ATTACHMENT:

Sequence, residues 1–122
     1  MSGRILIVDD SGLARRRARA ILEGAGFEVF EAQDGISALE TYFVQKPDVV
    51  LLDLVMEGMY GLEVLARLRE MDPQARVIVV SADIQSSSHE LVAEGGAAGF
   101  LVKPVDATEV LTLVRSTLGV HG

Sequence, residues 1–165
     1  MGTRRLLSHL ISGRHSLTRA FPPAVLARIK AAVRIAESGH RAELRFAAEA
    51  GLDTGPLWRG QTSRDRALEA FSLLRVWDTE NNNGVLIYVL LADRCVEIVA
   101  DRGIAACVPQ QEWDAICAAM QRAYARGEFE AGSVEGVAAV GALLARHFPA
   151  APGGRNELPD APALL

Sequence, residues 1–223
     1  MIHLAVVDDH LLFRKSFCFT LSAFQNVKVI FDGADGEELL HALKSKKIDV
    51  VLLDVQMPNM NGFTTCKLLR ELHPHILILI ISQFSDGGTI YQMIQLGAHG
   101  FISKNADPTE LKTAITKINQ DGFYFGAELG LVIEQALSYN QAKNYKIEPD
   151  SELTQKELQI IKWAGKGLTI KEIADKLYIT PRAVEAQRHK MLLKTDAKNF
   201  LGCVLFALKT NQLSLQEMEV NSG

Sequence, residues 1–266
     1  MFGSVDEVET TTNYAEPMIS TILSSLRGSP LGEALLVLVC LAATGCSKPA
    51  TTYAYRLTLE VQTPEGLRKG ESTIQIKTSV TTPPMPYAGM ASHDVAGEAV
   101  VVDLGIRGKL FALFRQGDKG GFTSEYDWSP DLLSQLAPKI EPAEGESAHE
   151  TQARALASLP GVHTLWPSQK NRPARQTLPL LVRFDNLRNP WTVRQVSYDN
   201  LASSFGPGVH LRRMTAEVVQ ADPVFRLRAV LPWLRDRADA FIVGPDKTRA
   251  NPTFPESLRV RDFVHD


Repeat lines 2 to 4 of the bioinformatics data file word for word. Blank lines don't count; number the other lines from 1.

     1  MSGRILIVDD SGLARRRARA ILEGAGFEVF EAQDGISALE TYFVQKPDVV
    51  LLDLVMEGMY GLEVLARLRE MDPQARVIVV SADIQSSSHE LVAEGGAAGF
   101  LVKPVDATEV LTLVRSTLGV HG